In the 1991 season I went to two football matches. The first game I attended was in my hometown, at Gigg Lane, Bury versus Wigan Athletic. It was an undistinguished game in the old Third Division which ended in a 1-1 draw. Then, later in the season, at the invitation of a friend whose house backed onto the ground, I went to the return fixture, Wigan versus Bury, which also ended in an undistinguished 1-1 draw. It was cold and it rained and I ate an awful pie at half time. This was football just before the advent of the Premier League and a long way from its glamour.
I loved both games. I loved the rain, the cold, the ramshackle grounds and the awful pies. Now, Bury has gone and Wigan is in peril. This is a story of administrative incompetence which might even be described as corruption. It is a story of inadequate owners and rules governing football that are by no means fit for the purposes they are meant to serve. But, more than that, much more than that, it is a story about place and local identity.
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The demise of Bury is a tragedy of financial chicanery and regulatory weakness, “a joint enterprise crime” as the now deposed Labour MP for Bury North, James Frith, put it. The chicanery was practised by two unsuitable owners. The incumbent, who has drawn the ire of the fans, is the property speculator Steve Dale, and he certainly deserves some of the opprobrium he attracts. The real villain of the piece, though, is Dale’s predecessor Stewart Day, who used Bury to load up debts which he tried to finance by building accommodation blocks for students. One of his deals had an annual compound interest rate of 138%. Within weeks of selling Bury to Dale for £1, Day had lapsed into insolvency.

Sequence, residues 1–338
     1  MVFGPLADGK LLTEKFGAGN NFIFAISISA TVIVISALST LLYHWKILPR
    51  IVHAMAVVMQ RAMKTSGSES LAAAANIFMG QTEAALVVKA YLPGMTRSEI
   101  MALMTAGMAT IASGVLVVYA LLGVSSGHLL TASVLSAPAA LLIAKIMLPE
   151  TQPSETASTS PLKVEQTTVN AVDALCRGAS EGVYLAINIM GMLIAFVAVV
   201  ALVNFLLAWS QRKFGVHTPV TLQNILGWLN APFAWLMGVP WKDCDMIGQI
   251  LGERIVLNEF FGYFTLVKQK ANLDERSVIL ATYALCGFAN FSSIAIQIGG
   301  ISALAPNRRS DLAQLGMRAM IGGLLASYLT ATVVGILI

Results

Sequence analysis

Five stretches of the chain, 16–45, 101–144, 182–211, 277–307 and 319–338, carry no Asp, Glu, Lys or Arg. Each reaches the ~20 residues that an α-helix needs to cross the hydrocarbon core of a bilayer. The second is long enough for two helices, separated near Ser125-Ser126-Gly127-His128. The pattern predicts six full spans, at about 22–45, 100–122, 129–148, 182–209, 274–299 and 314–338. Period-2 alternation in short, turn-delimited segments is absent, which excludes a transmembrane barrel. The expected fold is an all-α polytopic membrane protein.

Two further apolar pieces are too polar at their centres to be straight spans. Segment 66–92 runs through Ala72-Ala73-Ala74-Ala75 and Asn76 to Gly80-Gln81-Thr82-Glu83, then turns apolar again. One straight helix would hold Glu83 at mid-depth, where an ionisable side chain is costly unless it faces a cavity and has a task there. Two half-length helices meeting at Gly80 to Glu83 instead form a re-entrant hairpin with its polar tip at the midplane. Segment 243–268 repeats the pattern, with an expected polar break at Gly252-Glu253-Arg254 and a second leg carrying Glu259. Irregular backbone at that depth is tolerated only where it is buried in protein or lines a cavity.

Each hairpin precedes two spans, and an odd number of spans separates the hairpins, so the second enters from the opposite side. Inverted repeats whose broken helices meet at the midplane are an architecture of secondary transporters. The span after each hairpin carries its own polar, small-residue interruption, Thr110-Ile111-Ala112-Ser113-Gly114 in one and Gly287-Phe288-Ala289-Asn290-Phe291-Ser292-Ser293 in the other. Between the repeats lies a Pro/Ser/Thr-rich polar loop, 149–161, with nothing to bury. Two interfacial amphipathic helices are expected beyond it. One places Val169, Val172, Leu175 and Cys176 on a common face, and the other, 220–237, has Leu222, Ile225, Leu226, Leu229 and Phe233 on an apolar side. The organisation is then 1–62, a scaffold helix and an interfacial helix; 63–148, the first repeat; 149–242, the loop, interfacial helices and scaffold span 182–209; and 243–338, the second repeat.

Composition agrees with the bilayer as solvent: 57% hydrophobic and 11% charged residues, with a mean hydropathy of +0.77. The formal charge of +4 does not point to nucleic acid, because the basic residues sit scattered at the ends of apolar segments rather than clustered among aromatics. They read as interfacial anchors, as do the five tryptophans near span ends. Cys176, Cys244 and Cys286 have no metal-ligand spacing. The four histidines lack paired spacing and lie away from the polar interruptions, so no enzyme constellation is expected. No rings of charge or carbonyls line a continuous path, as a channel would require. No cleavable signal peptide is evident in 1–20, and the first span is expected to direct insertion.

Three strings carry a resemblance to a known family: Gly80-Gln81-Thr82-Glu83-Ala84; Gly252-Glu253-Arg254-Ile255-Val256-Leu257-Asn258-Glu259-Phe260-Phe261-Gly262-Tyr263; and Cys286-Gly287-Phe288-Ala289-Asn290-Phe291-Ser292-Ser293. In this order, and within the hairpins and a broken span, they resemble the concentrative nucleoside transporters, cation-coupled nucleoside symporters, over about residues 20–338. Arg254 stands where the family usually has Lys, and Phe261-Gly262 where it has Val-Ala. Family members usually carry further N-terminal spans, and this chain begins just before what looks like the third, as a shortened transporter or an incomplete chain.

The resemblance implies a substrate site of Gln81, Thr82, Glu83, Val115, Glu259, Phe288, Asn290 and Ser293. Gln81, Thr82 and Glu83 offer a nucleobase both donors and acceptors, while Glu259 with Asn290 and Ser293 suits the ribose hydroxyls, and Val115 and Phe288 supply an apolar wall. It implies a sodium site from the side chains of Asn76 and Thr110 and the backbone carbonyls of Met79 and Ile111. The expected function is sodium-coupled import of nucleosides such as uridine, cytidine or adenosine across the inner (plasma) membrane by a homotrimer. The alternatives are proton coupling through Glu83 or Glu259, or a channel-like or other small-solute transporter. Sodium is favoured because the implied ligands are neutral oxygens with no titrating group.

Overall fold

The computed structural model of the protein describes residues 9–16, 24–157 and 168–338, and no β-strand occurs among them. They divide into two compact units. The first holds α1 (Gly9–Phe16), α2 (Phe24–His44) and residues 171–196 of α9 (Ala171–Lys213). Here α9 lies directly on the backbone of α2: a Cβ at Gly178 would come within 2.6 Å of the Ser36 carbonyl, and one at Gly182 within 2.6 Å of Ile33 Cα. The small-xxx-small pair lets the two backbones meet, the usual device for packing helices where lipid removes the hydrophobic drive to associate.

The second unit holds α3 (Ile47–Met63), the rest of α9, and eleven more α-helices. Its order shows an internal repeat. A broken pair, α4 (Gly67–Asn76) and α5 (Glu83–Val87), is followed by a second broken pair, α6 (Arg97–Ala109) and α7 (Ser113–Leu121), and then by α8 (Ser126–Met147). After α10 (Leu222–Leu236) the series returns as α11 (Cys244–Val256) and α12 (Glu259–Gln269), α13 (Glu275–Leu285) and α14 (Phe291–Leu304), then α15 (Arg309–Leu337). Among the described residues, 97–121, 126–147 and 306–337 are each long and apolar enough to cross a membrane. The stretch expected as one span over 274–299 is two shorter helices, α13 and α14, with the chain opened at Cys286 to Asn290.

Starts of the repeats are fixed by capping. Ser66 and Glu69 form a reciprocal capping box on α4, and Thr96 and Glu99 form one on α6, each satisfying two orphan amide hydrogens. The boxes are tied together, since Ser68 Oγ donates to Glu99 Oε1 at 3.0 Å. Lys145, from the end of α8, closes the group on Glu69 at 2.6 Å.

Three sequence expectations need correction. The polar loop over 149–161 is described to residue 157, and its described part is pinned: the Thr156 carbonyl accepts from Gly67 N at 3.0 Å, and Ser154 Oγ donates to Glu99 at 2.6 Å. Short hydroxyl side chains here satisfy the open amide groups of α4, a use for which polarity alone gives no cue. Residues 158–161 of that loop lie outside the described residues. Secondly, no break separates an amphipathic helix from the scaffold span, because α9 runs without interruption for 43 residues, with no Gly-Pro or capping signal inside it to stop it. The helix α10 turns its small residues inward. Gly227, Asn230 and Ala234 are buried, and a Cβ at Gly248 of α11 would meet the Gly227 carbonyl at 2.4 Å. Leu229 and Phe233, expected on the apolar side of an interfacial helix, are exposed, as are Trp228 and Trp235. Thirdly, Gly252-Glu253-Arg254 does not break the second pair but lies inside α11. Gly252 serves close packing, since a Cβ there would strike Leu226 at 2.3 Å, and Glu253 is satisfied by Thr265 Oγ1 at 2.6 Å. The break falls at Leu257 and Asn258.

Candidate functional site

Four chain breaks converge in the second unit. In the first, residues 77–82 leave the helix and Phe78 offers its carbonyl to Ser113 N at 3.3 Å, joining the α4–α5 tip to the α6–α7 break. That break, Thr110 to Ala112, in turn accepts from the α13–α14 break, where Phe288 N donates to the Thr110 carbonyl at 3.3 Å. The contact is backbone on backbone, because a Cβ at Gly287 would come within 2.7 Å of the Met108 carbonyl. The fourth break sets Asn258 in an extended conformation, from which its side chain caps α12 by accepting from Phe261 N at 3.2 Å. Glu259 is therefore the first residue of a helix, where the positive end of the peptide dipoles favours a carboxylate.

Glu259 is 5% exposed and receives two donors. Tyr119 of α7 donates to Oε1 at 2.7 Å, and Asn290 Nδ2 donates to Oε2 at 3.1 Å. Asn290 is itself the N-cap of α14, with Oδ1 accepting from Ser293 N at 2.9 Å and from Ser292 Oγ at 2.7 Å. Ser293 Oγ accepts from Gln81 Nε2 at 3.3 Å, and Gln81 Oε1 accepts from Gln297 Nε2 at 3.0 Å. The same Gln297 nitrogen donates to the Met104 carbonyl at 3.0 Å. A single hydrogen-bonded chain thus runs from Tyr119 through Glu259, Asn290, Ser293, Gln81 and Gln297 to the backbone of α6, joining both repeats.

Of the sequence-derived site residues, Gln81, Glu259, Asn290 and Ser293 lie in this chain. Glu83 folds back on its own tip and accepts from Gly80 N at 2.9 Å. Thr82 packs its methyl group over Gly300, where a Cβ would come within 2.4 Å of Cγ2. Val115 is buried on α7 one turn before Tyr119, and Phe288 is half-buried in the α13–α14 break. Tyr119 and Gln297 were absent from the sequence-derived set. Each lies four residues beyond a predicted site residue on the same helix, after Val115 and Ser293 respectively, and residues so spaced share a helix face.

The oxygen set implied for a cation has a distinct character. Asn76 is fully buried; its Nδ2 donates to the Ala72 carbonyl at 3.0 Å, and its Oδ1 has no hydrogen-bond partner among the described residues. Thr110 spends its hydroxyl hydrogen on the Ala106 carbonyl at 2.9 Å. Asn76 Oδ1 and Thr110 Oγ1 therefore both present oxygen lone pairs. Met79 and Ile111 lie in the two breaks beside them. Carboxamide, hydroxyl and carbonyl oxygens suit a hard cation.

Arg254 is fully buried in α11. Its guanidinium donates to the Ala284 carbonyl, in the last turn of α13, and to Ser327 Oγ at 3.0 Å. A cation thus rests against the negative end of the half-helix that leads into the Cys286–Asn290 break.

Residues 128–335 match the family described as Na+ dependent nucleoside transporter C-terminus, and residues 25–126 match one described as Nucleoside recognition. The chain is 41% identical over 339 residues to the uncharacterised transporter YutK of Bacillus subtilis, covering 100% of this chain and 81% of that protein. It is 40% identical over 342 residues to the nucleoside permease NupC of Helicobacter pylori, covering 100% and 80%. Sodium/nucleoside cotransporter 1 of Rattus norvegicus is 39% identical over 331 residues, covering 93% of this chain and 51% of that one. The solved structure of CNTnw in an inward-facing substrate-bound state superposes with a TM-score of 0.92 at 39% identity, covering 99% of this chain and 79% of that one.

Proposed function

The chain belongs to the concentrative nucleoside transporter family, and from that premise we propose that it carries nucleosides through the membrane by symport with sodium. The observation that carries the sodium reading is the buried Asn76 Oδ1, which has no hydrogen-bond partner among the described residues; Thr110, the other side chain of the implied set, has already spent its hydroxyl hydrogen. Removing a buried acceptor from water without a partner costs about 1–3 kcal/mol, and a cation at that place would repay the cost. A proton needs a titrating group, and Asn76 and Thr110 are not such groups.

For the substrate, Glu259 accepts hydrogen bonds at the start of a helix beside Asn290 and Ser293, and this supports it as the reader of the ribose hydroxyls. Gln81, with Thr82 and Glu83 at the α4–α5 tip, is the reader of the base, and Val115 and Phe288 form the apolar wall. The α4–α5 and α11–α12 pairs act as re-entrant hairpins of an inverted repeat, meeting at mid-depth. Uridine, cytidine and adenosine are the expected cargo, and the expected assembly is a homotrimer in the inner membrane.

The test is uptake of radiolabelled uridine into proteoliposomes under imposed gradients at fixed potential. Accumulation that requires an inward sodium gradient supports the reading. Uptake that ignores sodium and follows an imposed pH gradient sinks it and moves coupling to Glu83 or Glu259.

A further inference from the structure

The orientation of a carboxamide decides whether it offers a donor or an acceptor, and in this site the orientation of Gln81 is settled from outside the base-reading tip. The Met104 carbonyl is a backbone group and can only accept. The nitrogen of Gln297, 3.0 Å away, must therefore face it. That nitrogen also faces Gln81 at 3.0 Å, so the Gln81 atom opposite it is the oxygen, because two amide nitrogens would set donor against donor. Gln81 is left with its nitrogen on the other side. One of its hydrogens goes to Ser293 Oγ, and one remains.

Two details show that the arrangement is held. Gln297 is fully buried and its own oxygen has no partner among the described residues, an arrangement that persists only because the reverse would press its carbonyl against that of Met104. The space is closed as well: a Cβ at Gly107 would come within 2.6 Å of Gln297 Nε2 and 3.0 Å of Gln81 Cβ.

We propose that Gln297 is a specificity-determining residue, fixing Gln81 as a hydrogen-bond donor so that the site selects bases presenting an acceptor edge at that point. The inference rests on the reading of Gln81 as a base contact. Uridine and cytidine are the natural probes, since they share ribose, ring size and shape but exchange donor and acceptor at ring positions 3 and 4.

Day’s deals were done with suffocating and damaging complexity. He took Gigg Lane, the lovely little ground which had been gifted to the club by the Earl of Derby in 1922, and used it as security for a loan of £3.7 million from a company called Capital Bridging Finance Solutions. Day then in turn mortgaged the club to a company registered in Malta whose own lenders were eight companies domiciled in the British Virgin Islands. The residual loans started to accrue interest at a rate of £1,500 a day, at which point Day scarpered. Bury was left in the hands of Dale, who has been associated in the past with 51 companies, 43 of which went into liquidation. Despite his many promises that the club would not disappear, Day has presided over the collapse of Bury as a going concern.
The football authorities cannot be let off the hook either. There has clearly been a failure of oversight by the regulators. Dale’s takeover of Bury was subject to almost no scrutiny by the English Football League (EFL). It was obvious that he did not have the money to keep the club afloat — that was the speculation among fans from the start — but the EFL procedures for making him prove he had were lax to the point of barely existent. Day was allowed, for example, to appoint himself as the sole director of the club, with no executive board and no oversight. Bury is paying the price of this lack of vigilance on the part of the authorities.